MLB Players Association Attempting To Unionize Minor Leaguers

The Major League Baseball Players Association (MLBPA) launched a historic campaign this week to unionize Minor League players after receiving support from their executive board.

“Minor Leaguers represent our game’s future and deserve wages and working conditions that befit elite athletes who entertain millions of baseball fans nationwide,” MLBPA executive director Tony Clark said in a statement. “They’re an important part of our fraternity and we want to help them achieve their goals both on and off the field.”

The campaign is supported by Advocates for Minor Leaguers, which has served as a voice and resource for players while bringing heightened attention to the substandard working conditions that exist throughout the Minor Leagues.

“This generation of Minor League players has demonstrated an unprecedented ability to address workplace issues with a collective voice,” outgoing executive director of Advocates for Minor Leaguers Harry Marino said. “Joining with the most powerful union in professional sports assures that this voice is heard where it matters most – at the bargaining table.”

Back in May, more than 1,000 Minor Leaguers took their first step toward forming a union by signing a petition demanding MLB pay them for their work during Spring Training.

MLB has previously argued that MiLB players are seasonable employees, making them exempt from minimum wage laws, but a federal ruling in March stated that they are year-round employees and should be paid accordingly. The league was held responsible for $2 million in damages.

In 2022, the majority of Minor Leaguers still make below the federal poverty line for a single person of $13,590, according to More Than Baseball (MTB), a nonprofit organization supporting more than 3,000 Minor League players since 2019 that announced its support for unionization efforts.

“This is a step we’ve been working toward since our organization was founded,” co-founder and program director of MTB Simon Rosenblum-Larson said in a statement. “There has been a growing wave in favor of unionization amongst Minor Leaguers. We are excited to support the MLBPA in ensuring player voices shape the future of minor league baseball.”

In addition to many players making below the poverty line, MTB’s survey of Minor Leaguers found significant issues with housing, offseason support, image and likeness rights, contract lengths, and general respect and fairness to the players.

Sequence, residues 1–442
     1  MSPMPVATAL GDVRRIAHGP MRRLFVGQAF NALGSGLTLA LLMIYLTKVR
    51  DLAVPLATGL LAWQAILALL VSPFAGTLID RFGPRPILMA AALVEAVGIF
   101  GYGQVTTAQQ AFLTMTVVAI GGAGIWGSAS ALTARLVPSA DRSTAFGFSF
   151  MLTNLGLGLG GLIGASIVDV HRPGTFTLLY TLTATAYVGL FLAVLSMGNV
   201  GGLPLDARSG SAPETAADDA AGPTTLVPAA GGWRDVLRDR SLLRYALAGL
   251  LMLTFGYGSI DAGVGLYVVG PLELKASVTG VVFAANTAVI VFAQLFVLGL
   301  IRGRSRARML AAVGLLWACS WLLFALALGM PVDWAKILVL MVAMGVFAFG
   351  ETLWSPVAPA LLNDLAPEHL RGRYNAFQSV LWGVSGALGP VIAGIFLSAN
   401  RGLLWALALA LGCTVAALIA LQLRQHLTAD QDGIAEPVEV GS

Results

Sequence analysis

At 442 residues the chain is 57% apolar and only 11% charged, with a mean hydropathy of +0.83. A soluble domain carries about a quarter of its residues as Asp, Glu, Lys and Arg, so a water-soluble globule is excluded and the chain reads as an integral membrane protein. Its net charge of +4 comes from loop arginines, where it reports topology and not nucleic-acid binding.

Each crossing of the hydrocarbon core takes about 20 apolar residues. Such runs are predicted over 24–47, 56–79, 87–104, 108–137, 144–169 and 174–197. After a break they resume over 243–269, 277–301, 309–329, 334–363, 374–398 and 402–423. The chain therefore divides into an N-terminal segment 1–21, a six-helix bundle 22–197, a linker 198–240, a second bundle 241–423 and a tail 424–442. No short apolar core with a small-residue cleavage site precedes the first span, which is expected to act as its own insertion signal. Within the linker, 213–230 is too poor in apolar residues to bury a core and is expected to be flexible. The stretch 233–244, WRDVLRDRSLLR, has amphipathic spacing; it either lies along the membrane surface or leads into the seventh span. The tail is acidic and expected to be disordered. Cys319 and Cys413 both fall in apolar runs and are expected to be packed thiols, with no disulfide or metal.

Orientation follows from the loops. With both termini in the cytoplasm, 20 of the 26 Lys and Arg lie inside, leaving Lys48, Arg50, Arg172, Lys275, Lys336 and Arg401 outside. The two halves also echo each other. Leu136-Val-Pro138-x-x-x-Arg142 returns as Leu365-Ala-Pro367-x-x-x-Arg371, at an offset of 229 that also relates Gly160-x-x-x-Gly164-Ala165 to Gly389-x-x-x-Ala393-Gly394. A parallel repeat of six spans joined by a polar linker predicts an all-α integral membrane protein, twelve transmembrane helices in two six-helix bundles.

“A union for Minor League players can address unfair working conditions and ensure that players set the agenda moving forward,” MTB co-founder and director of operations Slade Heathcott said. “Minor Leaguers deserve dignity and respect, and a union will bring that.”

MLB outlined a plan last November that would provide more than 90% of Minor League players with furnished housing accommodations at each Major League club’s expense for the 2022 season, but Advocates for Minor Leaguers determined the plan fell short of expectations and criticized the league for not consulting with players.

The league has also been involved with multiple lawsuits related to Minor League player treatment recently. In July, they settled a lawsuit for $185 million after three MiLB players filed a class action lawsuit against the league on Feb. 7, 2014, claiming violations of state and federal minimum wage laws.

Last year, a lawsuit was filed against MLB and commissioner Rob Manfred over the league’s antitrust exemption after the league took control of Minor League teams, which resulted in contraction.

MiLB players did receive a pay raise during the 2021 season, however, their salaries still ranged from $10,500 for Single-A players to $14,700 for Triple-A players despite it being a full-time job with overtime work.

For comparison, the minimum salary for the NBA G League is $35,000 while the NHL guarantees at least $52,000 for players in the AHL. Minor Leaguer baseball players also receive the smallest per diem while on the road with 50% less than what G-League players receive and more than 75% less than what AHL players receive.

Advocates for Minor Leaguers halts operations to join MLBPA

With the MLBPA now involved in unionization efforts, Advocates for Minor Leaguers announced each member of their staff was offered and accepted a new role working for the MLBPA, and has therefore resigned from their current position.

Due to these developments, their Board of Directors voted to suspend the day-to-day operations of Advocates for Minor Leaguers until further notice.

The non-profit was formed in early 2020 by former players Raul Jacobson, Ty Kelly, Matt Paré and longtime labor leader Bill Fletcher Jr. to “provide a collective voice for Minor Leaguers, to advocate on their behalf, and to educate the public about the struggles that the players face.”

In a statement, Advocates for Minor Leaguers said they “are grateful to the many people who have spoken up to demand better treatment for Minor Leaguers over the past two years. Without their courage, passion, and advocacy, none of this would have been possible. Though there is much work left to be done, one thing is clear: better days lie ahead for Minor League baseball players.”

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